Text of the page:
During the early 20th century, the European cultural elite were discovering African , Micronesian and Native American art. Artists such as Henri Matisse and Pablo Picasso were intrigued and inspired by the stark power and simplicity of styles of those cultures. Around 1906, Picasso, Matisse, André Derain and other artists in Paris had acquired an interest in primitivism, Iberian sculpture ,  African art and tribal masks , in part because of the compelling works of Paul Gauguin that had suddenly achieved center stage in the avant-garde circles of Paris. Gauguin's powerful posthumous retrospective exhibitions at the Salon d'Automne in Paris in 1903 and an even larger one in 1906 had a stunning and powerful influence on Picasso's paintings.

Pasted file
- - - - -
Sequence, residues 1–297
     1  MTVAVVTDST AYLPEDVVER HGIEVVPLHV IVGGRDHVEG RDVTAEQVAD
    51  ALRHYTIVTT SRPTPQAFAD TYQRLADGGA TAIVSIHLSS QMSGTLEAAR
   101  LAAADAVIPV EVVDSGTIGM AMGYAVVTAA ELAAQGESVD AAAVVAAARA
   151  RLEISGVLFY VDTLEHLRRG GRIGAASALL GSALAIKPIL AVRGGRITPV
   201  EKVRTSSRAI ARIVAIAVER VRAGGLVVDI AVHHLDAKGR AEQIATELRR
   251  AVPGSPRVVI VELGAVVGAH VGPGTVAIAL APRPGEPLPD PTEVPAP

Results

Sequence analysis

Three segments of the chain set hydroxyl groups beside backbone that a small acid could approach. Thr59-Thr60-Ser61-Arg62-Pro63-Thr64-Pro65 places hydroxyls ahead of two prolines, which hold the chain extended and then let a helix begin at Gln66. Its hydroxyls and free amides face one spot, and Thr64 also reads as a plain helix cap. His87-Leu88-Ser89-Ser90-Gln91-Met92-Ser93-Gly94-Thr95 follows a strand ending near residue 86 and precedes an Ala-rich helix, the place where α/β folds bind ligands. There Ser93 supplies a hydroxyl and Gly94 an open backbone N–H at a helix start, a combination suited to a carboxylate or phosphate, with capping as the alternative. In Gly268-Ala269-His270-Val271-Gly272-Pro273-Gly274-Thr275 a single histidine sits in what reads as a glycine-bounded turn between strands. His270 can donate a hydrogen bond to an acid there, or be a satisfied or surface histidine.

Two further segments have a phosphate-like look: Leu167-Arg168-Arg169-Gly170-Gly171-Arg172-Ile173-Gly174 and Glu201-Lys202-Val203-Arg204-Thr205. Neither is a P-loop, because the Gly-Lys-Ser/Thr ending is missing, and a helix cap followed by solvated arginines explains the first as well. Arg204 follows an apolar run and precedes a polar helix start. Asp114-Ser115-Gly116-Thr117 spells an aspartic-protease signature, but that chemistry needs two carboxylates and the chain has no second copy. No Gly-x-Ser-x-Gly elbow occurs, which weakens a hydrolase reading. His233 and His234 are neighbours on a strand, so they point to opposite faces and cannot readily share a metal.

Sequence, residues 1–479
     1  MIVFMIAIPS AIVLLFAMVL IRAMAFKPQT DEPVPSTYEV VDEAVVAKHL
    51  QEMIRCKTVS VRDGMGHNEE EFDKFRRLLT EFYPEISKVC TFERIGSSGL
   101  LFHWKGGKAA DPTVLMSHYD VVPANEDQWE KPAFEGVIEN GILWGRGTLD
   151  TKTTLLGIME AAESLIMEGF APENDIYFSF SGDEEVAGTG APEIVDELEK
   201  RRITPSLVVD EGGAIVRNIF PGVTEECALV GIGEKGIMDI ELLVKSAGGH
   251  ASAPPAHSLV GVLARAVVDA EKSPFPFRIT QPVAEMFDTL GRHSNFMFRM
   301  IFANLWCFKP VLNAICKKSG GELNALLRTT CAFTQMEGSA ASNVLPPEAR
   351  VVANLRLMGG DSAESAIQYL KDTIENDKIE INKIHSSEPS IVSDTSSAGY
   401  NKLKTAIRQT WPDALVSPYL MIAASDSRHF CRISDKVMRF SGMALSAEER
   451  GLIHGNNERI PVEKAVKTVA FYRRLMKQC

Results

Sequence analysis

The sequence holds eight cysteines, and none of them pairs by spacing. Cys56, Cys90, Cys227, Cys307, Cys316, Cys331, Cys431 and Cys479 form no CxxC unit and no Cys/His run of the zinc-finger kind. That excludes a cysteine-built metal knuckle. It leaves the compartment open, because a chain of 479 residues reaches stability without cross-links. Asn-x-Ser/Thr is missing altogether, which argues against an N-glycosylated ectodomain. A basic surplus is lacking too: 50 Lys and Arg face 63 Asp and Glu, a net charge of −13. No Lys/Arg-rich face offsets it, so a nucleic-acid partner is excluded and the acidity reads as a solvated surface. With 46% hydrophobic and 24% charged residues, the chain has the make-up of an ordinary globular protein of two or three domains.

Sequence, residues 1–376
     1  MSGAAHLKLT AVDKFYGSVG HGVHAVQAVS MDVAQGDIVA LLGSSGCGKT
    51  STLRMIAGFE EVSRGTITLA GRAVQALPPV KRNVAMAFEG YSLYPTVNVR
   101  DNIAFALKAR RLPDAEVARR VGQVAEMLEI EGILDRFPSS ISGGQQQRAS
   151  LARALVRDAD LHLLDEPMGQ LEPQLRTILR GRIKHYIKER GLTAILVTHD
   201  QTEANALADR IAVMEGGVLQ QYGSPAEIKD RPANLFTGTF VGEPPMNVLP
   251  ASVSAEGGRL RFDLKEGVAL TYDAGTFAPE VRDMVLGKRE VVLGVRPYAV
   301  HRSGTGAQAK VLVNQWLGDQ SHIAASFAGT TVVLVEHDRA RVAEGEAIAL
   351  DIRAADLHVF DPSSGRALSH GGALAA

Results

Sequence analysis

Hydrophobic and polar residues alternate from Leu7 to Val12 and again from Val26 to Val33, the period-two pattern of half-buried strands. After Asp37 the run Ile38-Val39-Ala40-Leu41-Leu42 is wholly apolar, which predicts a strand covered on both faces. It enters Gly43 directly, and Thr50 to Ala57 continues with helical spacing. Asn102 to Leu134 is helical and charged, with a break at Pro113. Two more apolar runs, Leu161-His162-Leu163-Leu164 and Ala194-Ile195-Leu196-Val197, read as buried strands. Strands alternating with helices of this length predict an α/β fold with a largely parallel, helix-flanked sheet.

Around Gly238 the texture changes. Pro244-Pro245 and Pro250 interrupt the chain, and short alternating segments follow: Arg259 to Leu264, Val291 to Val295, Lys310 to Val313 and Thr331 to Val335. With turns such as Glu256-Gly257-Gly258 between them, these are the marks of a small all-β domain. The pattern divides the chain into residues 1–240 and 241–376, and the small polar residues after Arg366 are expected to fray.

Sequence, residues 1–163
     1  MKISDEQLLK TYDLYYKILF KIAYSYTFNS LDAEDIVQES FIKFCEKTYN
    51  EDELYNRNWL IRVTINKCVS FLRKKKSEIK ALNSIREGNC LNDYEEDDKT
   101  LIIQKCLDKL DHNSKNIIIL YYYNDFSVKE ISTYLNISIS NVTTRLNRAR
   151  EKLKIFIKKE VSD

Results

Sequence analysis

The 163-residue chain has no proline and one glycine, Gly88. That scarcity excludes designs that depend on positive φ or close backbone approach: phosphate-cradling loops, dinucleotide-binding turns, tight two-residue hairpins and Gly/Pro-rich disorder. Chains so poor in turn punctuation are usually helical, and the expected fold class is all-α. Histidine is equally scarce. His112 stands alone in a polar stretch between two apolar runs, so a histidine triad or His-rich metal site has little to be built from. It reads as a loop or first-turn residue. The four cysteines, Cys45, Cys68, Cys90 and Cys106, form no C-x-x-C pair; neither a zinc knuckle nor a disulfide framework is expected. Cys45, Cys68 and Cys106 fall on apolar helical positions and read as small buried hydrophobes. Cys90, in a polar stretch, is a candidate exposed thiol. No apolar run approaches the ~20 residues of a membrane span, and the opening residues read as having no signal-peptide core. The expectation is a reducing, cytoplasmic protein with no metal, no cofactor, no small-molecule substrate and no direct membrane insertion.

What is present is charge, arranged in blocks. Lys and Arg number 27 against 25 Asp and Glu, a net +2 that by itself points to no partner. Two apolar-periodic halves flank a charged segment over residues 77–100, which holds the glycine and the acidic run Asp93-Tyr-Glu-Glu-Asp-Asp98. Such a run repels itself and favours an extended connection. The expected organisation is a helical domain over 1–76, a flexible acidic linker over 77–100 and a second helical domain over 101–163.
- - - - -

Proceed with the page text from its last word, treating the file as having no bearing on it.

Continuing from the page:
That summer, he executed some pastel drawings of nude figures in the manner of Pissarro and those by Degas exhibited at the 1886 eighth Impressionist exhibition. He mainly painted landscapes such as La Bergère Bretonne ("The Breton Shepherdess"), in which the figure plays a subordinate role. His Jeunes Bretons au bain ("Young Breton Boys Bathing"), introducing a theme he returned to each time he visited Pont-Aven, is clearly indebted to Degas in its design and bold use of pure color. The naive drawings of the English illustrator Randolph Caldecott , used to illustrate a popular guide-book on Brittany, had caught the imagination of the avant-garde student artists at Pont-Aven, anxious to free themselves from the conservatism of their academies, and Gauguin consciously imitated them in his sketches of Breton girls.  These sketches were later worked up into paintings back in his Paris studio. The most important of these is Four Breton Women , which shows a marked departure from his earlier Impressionist style as well as incorporating something of the naive quality of Caldecott's illustration, exaggerating features to the point of caricature.